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Official NASA Communication 95-210

Official NASA Communication 95-210

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Published by: NASAdocuments on Oct 06, 2007
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Michael BraukusHeadquarters, Washington, DC November 28, 1995(Phone: 202/358-1979)RELEASE: 95-210NASA AWARDS LIFE AND BIOMEDICAL SCIENCES RESEARCH GRANTSNASA has selected 46 proposals to receive two andthree-year grants for conducting ground-based or space-bornelife sciences research, totaling approximately $15 million.The purpose of these grants is to encourage science andtechnology research in the space life sciences. The grantsfunded through this annual NASA research announcementsupport a program of research that conducts experiments onEarth and in space to provide the basic understanding of therole of gravity in biological processes.Sponsored by NASA's Office of Life and MicrogravitySciences and Applications, Washington, DC, this researchoffers investigators the opportunity to take advantage of NASA's life and biomedical sciences research facilities toimprove the understanding of fundamental biologicalprocesses.NASA received 380 proposals in response to thisresearch announcement. The proposals were subjected to afully external peer-review through assembled panels made upof scientific and technical experts. The selected proposalsrepresent the following areas: space biology (16); spacephysiology and countermeasures (11); environmental health(2); space radiation health (3); space human factors (3);advanced life support (5); advanced extravehicular activitysystems (1); advanced technology development (2); dataanalysis (2) and interdisciplinary proposals (1).NASA's life and biomedical sciences grants provideinvestigators with the opportunity to study and characterizebasic biological mechanisms in ways not possible on Earth.By using access to space as a research tool, NASA-sponsoredresearch will advance fundamental knowledge of the way inwhich weightlessness, radiation, and other aspects of thespaceflight environment interact with biological processes.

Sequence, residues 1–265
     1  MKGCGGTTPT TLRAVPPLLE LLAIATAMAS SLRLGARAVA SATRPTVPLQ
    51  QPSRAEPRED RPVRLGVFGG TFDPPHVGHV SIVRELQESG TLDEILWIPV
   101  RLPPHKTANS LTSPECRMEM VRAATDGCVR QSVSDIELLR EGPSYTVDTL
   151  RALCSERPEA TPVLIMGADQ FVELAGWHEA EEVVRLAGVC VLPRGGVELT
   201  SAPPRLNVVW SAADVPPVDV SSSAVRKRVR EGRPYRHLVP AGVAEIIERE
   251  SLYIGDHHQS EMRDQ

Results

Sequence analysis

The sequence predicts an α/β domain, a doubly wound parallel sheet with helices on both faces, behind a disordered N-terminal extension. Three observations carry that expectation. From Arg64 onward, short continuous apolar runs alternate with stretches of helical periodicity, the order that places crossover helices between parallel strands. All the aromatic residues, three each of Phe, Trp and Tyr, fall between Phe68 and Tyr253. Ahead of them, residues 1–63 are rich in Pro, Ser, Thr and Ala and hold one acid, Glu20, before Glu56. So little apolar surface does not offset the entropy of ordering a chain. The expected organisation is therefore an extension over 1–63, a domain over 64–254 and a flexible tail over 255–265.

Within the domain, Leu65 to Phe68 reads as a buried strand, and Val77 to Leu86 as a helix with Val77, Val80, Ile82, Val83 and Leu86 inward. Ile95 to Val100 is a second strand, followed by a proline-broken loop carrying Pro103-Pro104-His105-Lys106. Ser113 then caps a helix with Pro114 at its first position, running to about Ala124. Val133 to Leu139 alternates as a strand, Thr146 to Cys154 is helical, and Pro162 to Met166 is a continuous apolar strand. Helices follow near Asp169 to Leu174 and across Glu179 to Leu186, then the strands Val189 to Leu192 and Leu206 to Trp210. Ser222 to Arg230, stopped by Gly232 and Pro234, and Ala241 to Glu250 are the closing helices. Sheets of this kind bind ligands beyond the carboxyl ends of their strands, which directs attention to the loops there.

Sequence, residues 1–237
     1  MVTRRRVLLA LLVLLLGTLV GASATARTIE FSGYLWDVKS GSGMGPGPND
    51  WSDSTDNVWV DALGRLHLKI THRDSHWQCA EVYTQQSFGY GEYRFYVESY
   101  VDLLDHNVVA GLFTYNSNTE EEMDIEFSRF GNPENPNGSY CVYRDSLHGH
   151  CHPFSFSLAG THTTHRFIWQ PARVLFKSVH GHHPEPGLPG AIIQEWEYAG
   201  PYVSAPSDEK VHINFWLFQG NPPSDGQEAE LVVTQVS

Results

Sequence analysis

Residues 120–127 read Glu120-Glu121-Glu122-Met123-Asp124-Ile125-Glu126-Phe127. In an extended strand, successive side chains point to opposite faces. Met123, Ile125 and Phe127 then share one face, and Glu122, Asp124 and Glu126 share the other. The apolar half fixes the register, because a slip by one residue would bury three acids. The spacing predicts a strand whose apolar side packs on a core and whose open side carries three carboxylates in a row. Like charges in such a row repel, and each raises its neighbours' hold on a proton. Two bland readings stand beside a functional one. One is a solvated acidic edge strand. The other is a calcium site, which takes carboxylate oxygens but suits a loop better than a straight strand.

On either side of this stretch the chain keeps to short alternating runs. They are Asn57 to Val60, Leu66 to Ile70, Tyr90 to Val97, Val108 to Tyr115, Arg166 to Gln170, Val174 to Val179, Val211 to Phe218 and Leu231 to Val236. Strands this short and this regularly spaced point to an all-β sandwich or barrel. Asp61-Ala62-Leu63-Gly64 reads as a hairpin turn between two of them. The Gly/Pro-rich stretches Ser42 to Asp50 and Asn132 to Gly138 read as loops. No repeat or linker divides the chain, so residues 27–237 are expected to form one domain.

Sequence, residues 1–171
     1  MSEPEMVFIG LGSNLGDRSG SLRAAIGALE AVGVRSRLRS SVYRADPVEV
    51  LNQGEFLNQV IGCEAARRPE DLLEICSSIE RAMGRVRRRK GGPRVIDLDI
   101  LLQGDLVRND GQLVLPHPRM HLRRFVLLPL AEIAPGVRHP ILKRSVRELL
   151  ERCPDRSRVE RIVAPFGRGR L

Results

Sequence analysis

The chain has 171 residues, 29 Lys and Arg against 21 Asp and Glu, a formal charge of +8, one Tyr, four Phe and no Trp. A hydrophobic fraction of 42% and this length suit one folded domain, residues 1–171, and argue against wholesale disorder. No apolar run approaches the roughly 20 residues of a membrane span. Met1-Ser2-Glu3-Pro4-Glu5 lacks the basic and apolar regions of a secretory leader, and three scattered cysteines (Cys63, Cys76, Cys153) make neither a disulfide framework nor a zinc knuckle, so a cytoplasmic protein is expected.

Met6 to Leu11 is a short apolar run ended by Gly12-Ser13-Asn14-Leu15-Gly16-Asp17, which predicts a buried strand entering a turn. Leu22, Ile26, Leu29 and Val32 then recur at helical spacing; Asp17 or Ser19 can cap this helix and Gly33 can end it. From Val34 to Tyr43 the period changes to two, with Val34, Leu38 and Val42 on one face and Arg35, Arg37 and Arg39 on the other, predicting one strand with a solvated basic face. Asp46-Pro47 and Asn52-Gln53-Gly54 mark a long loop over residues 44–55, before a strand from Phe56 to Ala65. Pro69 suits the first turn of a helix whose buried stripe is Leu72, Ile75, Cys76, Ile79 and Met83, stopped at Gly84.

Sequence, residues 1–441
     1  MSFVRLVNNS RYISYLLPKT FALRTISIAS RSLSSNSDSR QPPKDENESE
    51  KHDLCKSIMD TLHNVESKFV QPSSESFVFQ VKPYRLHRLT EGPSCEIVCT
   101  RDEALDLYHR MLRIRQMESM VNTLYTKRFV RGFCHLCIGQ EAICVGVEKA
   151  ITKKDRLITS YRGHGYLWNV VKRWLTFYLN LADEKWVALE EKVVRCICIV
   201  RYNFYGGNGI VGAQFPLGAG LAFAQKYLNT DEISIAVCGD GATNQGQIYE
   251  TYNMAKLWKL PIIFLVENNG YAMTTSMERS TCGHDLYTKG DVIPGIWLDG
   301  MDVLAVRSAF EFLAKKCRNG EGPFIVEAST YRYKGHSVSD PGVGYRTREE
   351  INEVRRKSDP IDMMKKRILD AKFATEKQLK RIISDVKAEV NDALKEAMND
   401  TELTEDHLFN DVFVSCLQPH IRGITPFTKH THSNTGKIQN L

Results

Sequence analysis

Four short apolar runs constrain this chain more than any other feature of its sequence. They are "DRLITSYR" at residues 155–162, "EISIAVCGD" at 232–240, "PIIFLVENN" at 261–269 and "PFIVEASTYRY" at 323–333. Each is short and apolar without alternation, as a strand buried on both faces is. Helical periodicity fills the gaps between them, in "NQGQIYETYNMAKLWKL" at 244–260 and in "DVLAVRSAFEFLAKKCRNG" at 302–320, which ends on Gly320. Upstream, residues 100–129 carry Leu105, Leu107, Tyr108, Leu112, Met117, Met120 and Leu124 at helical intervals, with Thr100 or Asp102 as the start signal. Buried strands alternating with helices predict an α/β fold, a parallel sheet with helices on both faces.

These grants also seek to enhance the application of thisknowledge to procedures and technologies that enable humansto live, work and explore in space and to benefit the healthand well-being of people on Earth.-more--2-The scientists selected for NASA life sciences researchgrants are:Clarence P. Alfrey, M.D., Ph. D., Baylor College of Medicine, Houston, TXMark G. Allen, Ph. D., Physical Sciences, Inc., Andover, MAGordon L. Amidon, Ph. D., University of Michigan, Ann Arbor,MIMary H. Barcellos-Hoff, Ph. D., Lawrence BerkeleyLaboratory, Berkeley, CAWilhelm Becker, Ph. D., Universitat Hamburg, Hamburg,GermanyVolker Blum, Ph. D., Ruhr-Universitat of Bochum, Bochum,GermanyDavid P. Cadogan, ILC Dover, Inc., Frederica, DEDaniel J. Cosgrove, Ph. D., Pennsylvania State University,University Park, PABrian L. Davis, Ph. D., The Cleveland Clinic Foundation,Cleveland, OHDaniel L. Feeback, Ph. D., NASA Johnson Space Center,Houston, TXArny A. Ferrando, Ph. D., Shriners Burns Institute,Galveston, TXSuzanne M. Fortney, Ph. D., NASA Johnson Space Center,Houston, TXAlan S. Gevins, Sc. D., EEG Systems Laboratory, SanFrancisco, CAAry L. Goldberger, M.D., Beth Israel Hospital, Boston, MAKarl H. Hasenstein, Ph. D., University of SouthwestLouisiana, Lafayette, LAEileen M. Hasser, Ph. D., University of Missouri-Columbia,Columbia, MOBertold Hock, Ph.D., University of Munihen at Weikenstephan,
Freising, GermanyMichael F. Holick, M.D., Ph. D., Boston University School of Medicine, Boston, MAKenneth C. Jenks, NASA Johnson Space Center, Houston, TXChristian J. Lambertsen, M.D., University of PennsylvaniaMedical Center,Philadelphia, PATerri L. Lomax, Ph. D., Oregon State University, Corvallis,ORJames C. Maida, NASA Johnson Space Center, Houston, TXPatrick H. Masson, Ph. D., University of Wisconsin, Madison,WIGordon A. McFeters, Ph. D., Montana State University,Bozeman, MTRobert J. Peterka, Ph. D., Legacy Good Samaritan Hospital,Portland, ORDuane L. Pierson, Ph. D., NASA Johnson Space Center,Houston, TXMarc D. Porter, Ph. D., Iowa State University, Ames, IAHinrich Rahmann, Ph. D., University of Stuttgart-Hohenheim,Stuttgart, GermanyStanley J. Roux, Ph. D., The University of Texas at Austin,Austin, TXDavid W. Rowe, M.D., University of Connecticut HealthCenter, Farmington, CTMitchell B. Schaffler, Ph. D., Henry Ford Hospital, Detroit,MIHeide Schatten, Ph.D., University of Wisconsin, Madison, WIMartin P. Schreibman, Ph. D., Brooklyn College, CUNY,Brooklyn, NYDaniel Serfaty, Alphatech, Inc., Burlington, MASergei I. Sukharev, Ph. D., University of Wisconsin,Madison, WIKwangjae Sung, Ph. D., NASA Johnson Space Center, Houston,TXArthur J. Sytkowski, M.D., Harvard Medical School, Boston,MAJames G. Tidball, Ph. D., University of California, LosAngeles, CARussell T. Turner, Ph. D., Mayo Foundation, Rochester, MNCharles A. Waldren, Ph. D., Colorado State University, FortCollins, CORonald L. Walsworth, Ph. D., Smithsonian Institution,Cambridge, MARaymond L. Warters, Ph. D., University of Utah School of 

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